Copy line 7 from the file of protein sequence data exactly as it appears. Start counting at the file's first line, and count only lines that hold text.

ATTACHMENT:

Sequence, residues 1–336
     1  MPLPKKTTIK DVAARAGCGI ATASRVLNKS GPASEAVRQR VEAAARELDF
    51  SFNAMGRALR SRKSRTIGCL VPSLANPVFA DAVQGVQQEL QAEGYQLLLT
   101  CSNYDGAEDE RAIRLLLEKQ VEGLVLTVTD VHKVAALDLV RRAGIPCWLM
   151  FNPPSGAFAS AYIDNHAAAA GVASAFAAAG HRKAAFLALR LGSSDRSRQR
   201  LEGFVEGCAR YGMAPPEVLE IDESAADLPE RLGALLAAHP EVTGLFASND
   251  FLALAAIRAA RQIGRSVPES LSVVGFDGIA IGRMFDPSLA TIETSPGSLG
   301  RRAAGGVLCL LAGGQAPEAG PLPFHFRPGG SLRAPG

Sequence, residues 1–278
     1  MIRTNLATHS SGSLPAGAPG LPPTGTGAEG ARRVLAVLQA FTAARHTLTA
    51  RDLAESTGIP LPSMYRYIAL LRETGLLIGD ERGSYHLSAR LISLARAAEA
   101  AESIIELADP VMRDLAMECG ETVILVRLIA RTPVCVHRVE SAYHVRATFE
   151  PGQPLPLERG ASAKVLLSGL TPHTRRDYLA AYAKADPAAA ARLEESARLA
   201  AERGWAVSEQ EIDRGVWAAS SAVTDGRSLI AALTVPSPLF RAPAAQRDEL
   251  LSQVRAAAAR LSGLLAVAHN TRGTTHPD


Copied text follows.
   251  FLALAAIRAA RQIGRSVPES LSVVGFDGIA IGRMFDPSLA TIETSPGSLG